Why Twitter Is Tearing Apart The HFPA's Apology At The Golden Globes

After becoming the subject of an expose that included black representation by The Los Angeles Times, and pointed digs on the same subject by Golden Globes show hosts Tina Fey and Amy Pohler, the Hollywood Foreign Press Association attempted to explain its position on diversity in an awkward presentation, with German's Helen Hoehne saying "We recognize we have our own work to do. Just like in film and television, Black representation is vital. We must have Black journalists in our organization." She was joined by former HFPA head, Indian journalist Meher Tatna, who said "We must ensure everyone gets a seat at our table." There were also words from Turkish member Ali Sar who noted, "That means creating an environment where diversity is the norm, not an exception. Thank you (via The Hollywood Reporter). "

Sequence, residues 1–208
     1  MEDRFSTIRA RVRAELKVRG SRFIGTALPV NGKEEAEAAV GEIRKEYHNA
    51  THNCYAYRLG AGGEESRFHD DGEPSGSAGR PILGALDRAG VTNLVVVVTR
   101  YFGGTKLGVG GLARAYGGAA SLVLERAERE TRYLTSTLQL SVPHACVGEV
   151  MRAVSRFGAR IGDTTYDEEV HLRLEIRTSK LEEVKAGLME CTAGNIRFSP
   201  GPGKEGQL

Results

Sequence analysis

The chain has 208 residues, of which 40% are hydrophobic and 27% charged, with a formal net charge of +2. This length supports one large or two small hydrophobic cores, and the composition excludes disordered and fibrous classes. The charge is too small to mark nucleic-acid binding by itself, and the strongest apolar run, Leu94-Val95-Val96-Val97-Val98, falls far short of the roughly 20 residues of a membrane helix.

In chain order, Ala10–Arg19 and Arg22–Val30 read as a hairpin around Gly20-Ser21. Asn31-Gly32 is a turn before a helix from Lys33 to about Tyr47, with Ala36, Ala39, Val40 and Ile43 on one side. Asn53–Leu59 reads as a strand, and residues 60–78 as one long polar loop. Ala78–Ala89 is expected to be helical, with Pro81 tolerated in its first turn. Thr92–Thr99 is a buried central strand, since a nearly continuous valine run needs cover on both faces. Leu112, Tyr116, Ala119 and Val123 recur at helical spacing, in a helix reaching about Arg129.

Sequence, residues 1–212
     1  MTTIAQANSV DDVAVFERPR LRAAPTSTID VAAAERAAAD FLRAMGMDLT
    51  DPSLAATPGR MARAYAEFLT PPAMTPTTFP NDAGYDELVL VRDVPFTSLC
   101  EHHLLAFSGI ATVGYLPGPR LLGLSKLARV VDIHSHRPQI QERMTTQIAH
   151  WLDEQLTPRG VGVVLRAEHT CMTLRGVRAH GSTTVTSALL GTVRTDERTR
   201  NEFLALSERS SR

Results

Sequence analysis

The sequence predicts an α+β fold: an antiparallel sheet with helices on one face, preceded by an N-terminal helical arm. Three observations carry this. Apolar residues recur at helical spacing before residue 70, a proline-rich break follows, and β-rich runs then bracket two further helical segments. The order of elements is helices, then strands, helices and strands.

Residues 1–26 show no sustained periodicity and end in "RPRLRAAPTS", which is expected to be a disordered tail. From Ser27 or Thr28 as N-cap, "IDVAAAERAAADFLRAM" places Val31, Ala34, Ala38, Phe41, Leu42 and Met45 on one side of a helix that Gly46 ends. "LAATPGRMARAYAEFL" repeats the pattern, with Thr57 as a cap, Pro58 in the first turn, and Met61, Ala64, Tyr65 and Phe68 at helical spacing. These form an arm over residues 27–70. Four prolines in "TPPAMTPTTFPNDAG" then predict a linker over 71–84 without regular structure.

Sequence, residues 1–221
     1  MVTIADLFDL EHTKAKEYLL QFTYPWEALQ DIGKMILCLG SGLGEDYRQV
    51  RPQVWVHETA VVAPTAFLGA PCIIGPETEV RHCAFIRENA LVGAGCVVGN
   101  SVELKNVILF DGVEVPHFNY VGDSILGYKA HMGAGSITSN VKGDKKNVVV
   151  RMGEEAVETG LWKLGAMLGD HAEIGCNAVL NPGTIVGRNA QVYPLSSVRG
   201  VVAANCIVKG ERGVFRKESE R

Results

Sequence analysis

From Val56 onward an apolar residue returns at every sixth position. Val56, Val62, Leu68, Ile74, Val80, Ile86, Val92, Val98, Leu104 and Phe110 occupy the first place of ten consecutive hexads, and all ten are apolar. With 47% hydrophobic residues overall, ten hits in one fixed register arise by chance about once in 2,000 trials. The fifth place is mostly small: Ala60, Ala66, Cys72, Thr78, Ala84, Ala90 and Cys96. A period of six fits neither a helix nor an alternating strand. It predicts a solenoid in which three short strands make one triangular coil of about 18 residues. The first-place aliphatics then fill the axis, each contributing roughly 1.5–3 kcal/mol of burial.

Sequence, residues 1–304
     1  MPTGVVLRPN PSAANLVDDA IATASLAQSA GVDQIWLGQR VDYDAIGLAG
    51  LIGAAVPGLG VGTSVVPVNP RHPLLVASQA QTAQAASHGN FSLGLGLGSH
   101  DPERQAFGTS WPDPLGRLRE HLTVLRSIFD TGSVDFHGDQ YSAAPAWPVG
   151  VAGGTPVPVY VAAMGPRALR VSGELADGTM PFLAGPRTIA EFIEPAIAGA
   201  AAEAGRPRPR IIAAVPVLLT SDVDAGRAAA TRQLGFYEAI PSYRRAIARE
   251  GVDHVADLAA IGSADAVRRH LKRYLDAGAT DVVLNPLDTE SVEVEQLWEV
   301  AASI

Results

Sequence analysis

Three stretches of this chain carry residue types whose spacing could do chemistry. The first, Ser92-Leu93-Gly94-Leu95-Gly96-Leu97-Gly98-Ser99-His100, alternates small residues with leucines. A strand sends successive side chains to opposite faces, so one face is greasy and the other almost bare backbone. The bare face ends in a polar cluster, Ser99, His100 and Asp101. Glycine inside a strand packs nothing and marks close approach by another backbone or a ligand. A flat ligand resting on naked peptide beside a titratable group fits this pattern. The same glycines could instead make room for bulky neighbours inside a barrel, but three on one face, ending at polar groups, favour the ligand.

While it was meant to be an apology, as far as Twitter was concerned, the statement fell short of what it needed to become a full "mea culpa." Social media was up in arms over the statement, with many pointing out that it felt forced and insincere. "The HFPA has known about this racial inequality problem for years. That apology seemed forced and uncomfortably short," noted one Twitter user. Another called for an outright boycott of the entire awards show, sharing, "It's ridiculous that they have ZERO Black members out of 87. Absolutely unacceptable and beyond the time for change."

The HFPA lacks diversity and legitimate journalists in its organization

Even non-HFPA journalists like Mike Fleming of Deadline called out the group as he was live blogging the Golden Globes, saying "Did they not realize there were no Black members until the LAT pointed it out?"

Making good on its diversity promise may not be easy. When it pointed out that there was no black representation in the HFPA, The LA Times also said the group doesn't have a strong roster of established entertainment journalists. The HFPA has said that it keeps itself tight and tiny to make sure its events and news conferences are kept under control. But as one member put it, "Lots of members aren't serious journalists. We admit people that are not real journalists because they are not a threat to anyone."

The shoutout could be the thing the HFPA needs to get its act together, but we'll all have to see whether that ends up being the case.